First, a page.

Robbed Of His Voice, Roger Ebert Finds A New One.

Film critic Roger Ebert (right) with the late Gene Siskel. The two hosted the long-running "At the Movies."

The chances are good that if you know anything about the film critic Roger Ebert, then you know him as the opinionated host of “At The Movies,” a show he hosted for years and years with the late Gene Siskel.

But what you may not know is that a bout with cancer a few years back cost Ebert, the veteran film critic for the Chicago Sun-Times part of his jawbone, leaving him unable to speak, eat or drink. A tragedy like that would be enough to crush a lesser man.

But Ebert is still going strong and he’s found a new voice as a blogger and writer. His productivity has skyrocketed and he now Tweets and blogs madly. In an excerpt from his new book “Life Itself” (courtesy of The Guardian), the critic says he’s “happy I don’t look worse.” He also discusses how he’s changed his approach to doing his job.

“Losing the ability to speak ended my freedom to interview. There are new stars and directors coming up now whom I will never get to know that way. Tilda Swinton, Sofia Coppola, Ellen Page, David Fincher, Colin Firth, Jennifer Lawrence. I’ve never even had a proper conversation with Philip Seymour Hoffman, Marisa Tomei, Edward Norton, Darren Aronofsky, Catherine Keener or George Clooney. I tried a few interviews using the voice in my computer while tape-recording the answers. I got some good answers, but you couldn’t call these conversations.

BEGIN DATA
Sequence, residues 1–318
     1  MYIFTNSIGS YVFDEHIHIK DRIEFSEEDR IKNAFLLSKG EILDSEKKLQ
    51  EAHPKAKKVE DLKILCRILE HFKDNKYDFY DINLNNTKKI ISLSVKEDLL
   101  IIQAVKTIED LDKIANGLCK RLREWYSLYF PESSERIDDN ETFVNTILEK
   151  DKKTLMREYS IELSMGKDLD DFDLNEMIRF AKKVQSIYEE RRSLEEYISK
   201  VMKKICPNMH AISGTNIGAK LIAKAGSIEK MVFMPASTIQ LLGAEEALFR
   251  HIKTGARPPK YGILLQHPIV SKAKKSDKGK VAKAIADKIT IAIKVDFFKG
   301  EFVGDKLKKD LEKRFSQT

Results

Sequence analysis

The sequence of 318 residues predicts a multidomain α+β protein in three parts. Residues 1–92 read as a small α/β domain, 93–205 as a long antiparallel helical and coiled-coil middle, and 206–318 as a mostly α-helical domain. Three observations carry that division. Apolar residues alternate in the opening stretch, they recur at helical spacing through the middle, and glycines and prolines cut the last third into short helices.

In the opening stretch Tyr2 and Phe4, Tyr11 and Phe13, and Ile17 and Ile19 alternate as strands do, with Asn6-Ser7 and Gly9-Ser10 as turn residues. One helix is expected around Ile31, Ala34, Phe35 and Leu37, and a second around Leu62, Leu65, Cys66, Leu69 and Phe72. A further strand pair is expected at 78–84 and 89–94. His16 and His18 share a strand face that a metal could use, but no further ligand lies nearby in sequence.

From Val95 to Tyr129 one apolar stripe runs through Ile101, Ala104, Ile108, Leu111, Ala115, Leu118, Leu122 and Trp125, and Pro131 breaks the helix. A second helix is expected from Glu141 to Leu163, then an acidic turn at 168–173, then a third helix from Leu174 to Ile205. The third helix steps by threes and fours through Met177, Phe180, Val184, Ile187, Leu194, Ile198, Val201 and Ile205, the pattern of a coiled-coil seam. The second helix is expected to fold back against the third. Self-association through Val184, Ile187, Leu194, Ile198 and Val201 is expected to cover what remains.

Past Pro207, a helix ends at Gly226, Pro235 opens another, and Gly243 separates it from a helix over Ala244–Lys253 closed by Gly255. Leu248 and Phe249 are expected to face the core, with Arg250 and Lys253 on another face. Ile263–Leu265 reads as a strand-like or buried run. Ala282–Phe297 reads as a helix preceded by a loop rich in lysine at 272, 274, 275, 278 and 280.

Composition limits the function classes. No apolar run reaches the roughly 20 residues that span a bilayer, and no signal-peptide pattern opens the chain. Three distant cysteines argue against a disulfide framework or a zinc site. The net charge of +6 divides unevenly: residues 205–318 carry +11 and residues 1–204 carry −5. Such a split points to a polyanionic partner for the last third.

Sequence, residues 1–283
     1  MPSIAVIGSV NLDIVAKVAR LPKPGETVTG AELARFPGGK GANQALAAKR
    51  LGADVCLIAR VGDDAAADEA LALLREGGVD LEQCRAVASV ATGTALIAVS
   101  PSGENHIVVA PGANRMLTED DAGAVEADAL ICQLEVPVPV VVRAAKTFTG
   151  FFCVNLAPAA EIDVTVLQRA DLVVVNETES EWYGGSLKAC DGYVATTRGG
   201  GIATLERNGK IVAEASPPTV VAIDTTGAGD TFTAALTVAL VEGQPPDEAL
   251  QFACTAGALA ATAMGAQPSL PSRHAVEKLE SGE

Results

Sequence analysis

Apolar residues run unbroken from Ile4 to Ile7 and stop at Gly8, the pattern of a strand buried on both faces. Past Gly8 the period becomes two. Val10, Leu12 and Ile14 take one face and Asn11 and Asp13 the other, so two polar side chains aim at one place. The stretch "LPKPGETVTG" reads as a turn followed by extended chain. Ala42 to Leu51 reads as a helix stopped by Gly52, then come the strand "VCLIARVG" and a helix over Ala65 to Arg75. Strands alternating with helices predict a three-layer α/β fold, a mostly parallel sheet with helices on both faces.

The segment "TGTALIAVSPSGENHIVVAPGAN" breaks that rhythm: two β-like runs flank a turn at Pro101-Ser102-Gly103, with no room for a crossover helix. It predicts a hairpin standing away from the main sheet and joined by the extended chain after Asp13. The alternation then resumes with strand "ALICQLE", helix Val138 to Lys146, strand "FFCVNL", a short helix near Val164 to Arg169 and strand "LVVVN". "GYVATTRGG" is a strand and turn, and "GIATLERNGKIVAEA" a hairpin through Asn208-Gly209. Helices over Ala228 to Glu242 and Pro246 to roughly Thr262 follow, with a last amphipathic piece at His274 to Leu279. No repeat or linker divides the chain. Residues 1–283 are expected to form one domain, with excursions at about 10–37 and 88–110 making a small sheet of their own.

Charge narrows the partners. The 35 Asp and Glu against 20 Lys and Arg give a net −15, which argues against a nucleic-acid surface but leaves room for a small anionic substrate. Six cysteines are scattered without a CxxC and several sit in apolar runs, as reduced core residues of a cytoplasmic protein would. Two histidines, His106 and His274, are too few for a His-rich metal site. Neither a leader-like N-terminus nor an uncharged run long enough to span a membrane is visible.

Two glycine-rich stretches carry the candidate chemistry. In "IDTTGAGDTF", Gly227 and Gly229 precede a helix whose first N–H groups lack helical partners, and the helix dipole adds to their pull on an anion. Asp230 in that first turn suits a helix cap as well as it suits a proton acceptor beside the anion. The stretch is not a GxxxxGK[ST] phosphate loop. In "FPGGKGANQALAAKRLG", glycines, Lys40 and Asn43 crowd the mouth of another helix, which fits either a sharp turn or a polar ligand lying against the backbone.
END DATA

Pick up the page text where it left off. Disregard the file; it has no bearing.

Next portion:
I’ve felt better about another approach: I ask prepared questions and take digital video of the response, finding that being on camera inspires more conversational frankness. During those interviews, I pause to type up follow-through questions. All the same, my last real interview was at Cannes in May 2006, when I talked with William Friedkin, Tracy Letts and Michael Shannon, the director, writer and star of Bug. That was a movie I was eager to discuss. Now that is all in the past.”

Read the full piece here.

Advertisements
This entry was posted in Biopic, Books On Film, Film Criticism, Film News, Our Films, Ourselves, Thinking About Movies and tagged , , , , , , . Bookmark the permalink.

Leave a Reply

Fill in your details below or click an icon to log in:

WordPress.com Logo

You are commenting using your WordPress.com account. Log Out / Change )

Twitter picture

You are commenting using your Twitter account. Log Out / Change )

Facebook photo

You are commenting using your Facebook account. Log Out / Change )

Google+ photo

You are commenting using your Google+ account. Log Out / Change )

Connecting to %s